Voters 50+ and Women 50+ Voters Overwhelmingly Seek Candidates Supporting Lower Rx Prices, Protecting Social Security and Medicare, and Long-Term Care Advocacy
Lansing, MI — Today, AARP Michigan released additional key findings from their 2022 election survey highlighting additional data on the gubernatorial and federal races along with issues related to long-term care and insights into women voters.
According to the survey, significant majorities of Michigan voters age 50 and up say they would be more likely to support a candidate for Congress who supports protecting Medicare (88%) and Social Security (87%) from cuts and supported allowing Medicare to negotiate prescription drug prices (84%). The data indicates these opinions are widely held among Democrats, Republicans and Independents.
Additionally, majorities of voters 50+ from each party say long-term care for seniors will be important to their vote in November. Women voters 50+ overwhelmingly echoed that priority (93%). For the gubernatorial race, Michigan 50+ voters and women 50+ voters are more likely to support a candidate who favors increasing homecare funding for seniors (79% and 83%) and nursing home reforms (76% and 81%).
“Health care, Social Security benefits, prescription drug prices and long-term care are clearly top of mind for voters in our state over the age of 50,” said AARP Michigan State Director Paula D. Cunningham. “These voters are the state’s largest voting bloc making up 60% of the electorate. With every election, they consistently show up to vote and make a key difference in election outcomes. Candidates should take notice of the issues that matter to them and make them a priority.”
The newly released survey data also includes nuanced insights into women 50+ voters and the issues that could impact voting trends. Women 50+ make up a significant share of the 2022 electorate in Michigan, accounting for 32% of likely voters overall, and 53% of likely voters age 50+. The survey found:
- Majority of women say the country is headed in the wrong direction, that the economy is not working well for them, and they are worried about their personal financial situation
- As gas prices around the country are lowering, concern for food prices is the top inflation worry, followed by health care & prescription drugs and gas prices. Democratic women 50+ put health care costs as their top inflation concern, but every other group rates food as the top worry.
- Voters 50+ are tied on the generic Congressional ballot at 46/46, but there are large differences by gender: women 50+ favor the Democratic candidate by 11-points, but men 50+ back the Republican by 12. Democratic women 50+ are more united behind their party’s candidate (91% definitely vote for Democratic candidate) than Republican women are (82% definitely vote for Republican candidate).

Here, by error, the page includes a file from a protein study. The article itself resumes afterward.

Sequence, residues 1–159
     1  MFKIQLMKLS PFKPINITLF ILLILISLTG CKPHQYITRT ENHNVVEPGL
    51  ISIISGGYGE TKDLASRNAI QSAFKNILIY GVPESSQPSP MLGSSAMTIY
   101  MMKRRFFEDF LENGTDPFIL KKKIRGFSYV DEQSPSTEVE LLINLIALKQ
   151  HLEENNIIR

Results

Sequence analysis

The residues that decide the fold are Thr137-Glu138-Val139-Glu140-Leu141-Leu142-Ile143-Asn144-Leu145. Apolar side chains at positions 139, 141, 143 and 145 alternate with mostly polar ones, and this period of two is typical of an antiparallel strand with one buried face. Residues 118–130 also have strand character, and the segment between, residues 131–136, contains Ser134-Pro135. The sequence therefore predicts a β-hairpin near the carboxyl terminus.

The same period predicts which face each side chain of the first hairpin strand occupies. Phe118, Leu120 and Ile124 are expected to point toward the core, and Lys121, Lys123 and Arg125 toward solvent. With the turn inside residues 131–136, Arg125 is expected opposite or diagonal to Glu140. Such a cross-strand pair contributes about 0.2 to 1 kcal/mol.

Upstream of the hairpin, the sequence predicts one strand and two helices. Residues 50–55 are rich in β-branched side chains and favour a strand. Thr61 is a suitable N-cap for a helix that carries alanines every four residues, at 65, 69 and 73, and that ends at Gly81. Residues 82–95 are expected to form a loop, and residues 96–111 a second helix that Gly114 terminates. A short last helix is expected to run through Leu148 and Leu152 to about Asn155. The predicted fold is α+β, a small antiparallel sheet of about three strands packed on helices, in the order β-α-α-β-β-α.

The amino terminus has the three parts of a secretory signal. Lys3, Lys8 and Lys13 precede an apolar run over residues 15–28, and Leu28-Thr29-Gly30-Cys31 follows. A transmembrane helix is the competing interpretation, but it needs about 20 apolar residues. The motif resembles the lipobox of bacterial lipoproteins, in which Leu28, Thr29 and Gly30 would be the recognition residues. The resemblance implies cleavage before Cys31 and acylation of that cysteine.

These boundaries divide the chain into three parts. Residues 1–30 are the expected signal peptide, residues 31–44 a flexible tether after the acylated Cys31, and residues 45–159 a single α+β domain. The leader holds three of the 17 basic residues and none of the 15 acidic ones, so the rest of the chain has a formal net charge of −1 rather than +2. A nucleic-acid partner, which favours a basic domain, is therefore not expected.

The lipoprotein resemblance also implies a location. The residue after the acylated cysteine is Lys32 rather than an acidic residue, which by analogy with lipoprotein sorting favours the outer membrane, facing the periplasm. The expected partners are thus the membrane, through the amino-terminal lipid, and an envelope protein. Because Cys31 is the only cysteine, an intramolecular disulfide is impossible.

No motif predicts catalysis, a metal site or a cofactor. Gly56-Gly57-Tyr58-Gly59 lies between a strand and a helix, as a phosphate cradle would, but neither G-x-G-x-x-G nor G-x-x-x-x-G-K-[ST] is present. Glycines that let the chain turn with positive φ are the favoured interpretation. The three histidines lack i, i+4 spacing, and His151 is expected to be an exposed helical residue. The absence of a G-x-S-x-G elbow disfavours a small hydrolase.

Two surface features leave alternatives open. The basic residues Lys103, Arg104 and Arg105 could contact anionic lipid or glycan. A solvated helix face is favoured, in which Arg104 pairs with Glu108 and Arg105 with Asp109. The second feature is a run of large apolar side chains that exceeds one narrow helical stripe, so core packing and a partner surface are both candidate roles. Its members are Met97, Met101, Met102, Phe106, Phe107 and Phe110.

- Women 50+ rate abortion and inflation as the top-two voting issues in their vote for Congress, and when pushed to choose one over the other, they are evenly divided, primarily along party lines, on whether inflation or overturning Roe will be more important to their vote for Congress. Men 50+ say inflation will be more important by 25-points.
AARP commissioned the bipartisan polling team of Fabrizio Ward & Impact Research to conduct a survey. The firms interviewed 1,365 likely Michigan voters, which includes a statewide representative sample of 500 likely voters, with an oversample of 550 likely voters age 50 and older and an additional oversample of 315 Black likely voters age 50 and older, between August 8-14, 2022. The interviews were conducted via landline (30%), cell phone (35%), and SMS-to-web (35%). The margin of sampling error for the 500 statewide sample is ±4.4%; for the 850 total sample of voters 50+ is ±3.4%; for the 400 total sample of Black voters 50+ is ±4.9%.
Survey results can be found at www.aarp.org/mi.
Visit 50+ Voters May Tip Scales in Midterm Election for AARP Michigan’s initial news release from 8/18/22 which includes data on Michigan’s gubernatorial race. For more information on how, when and where to vote in Michigan, visit aarp.org/MIvotes.
Michigan media: Cathleen Simlar, email@example.com , 248-761-7145